509 F2d 1145 Roddy v. United States
509 F.2d 1145
Spencer Lee RODDY, Petitioner-Appellant,
UNITED STATES of America, Respondent-Appellee.
United States Court of Appeals,
Argued Nov. 11, 1974.
Decided Feb. 3, 1975.
Winston Roberts-Hohl, Asst. Federal Public Defender, Albuquerque, N.M., for petitioner-appellant.
Ruth C. Streeter, Asst. U.S. Atty., Albuquerque, N.M. (Victor R. Ortega, U.S. Atty., on the brief), for respondent-appellee.
Before MURRAH, HILL and HOLLOWAY, Circuit Judges.
MURRAH, Circuit Judge.
Appellant Roddy was convicted on pleas of guilty for participation in two bank robberies--the first in New Mexico, the latter in Arizona. He was first convicted and sentenced in Arizona for the latter offense and received an indeterminate sentence under § 5010(b) of the Youth Corrections Act of 1950, 18 U.S.C. § 5005 et seq. Since he was over twenty-two years old, the court was required to and did affirmatively find that Youth Act treatment would be beneficial under 18 U.S.C. § 4209.1 At the time of sentencing, the Arizona judge was aware that Roddy was a prime suspect for the New Mexico robbery and apparently had been formally charged. Roddy was subsequently convicted and sentenced for the earlier New Mexico robbery and, under 18 U.S.C. §§ 371, 2113, 4202, received an adult sentence of five years to run consecutively to the Arizona indeterminate sentence. At the time of sentencing, the New Mexico court's pre-sentence report included the pre-sentence report submitted in Arizona as well as the Arizona sentence. The court denied a request for a sentence concurrent with the Arizona sentence, giving as its reason 'the fact (that) . . . people's lives . . . were seriously endangered' by the New Mexico robbery. Roddy appeals from the denial of a § 2255 petition in the District of New Mexico to modify the New Mexico adult sentence to conform to the Arizona youth sentence. The sole question under these admitted facts is whether, by force of the Youth Act and the respect one court owes the judgment of another, the New Mexico court was required to honor the Arizona indeterminate Youth Act sentence. We think not.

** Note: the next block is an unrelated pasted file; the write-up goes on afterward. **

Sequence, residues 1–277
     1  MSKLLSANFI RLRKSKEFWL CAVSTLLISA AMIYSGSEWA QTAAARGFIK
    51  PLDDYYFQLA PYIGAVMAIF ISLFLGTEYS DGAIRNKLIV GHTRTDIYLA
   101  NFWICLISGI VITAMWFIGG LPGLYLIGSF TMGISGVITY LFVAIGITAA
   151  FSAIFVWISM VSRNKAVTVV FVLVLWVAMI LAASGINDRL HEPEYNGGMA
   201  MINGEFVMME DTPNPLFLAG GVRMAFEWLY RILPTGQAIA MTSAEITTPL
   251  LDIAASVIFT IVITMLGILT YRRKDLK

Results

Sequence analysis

We know, of course, that a sentence imposed by a federal district judge, if within statutory limits, is generally not subject to review. Gore v. United States, 357 U.S. 386, 393, 78 S.Ct. 1280, 2 L.Ed.2d 1405 (1958). United States v. Mackay, 491 F.2d 616, 624 (10th Cir. 1973). It is also settled law that the sentencing court may cause sentences imposed on separate counts in the same or separate indictments to run concurrently or consecutively, if so specified in the sentencing judgment. The New Mexico sentence satisfies those requirements. But it is strenuously argued that the consecutive New Mexico sentence should not be allowed to stand, because it frustrates the rehabilitative purposes of the Youth Act and the Arizona sentence thereunder. The precise question is unique and of first impression.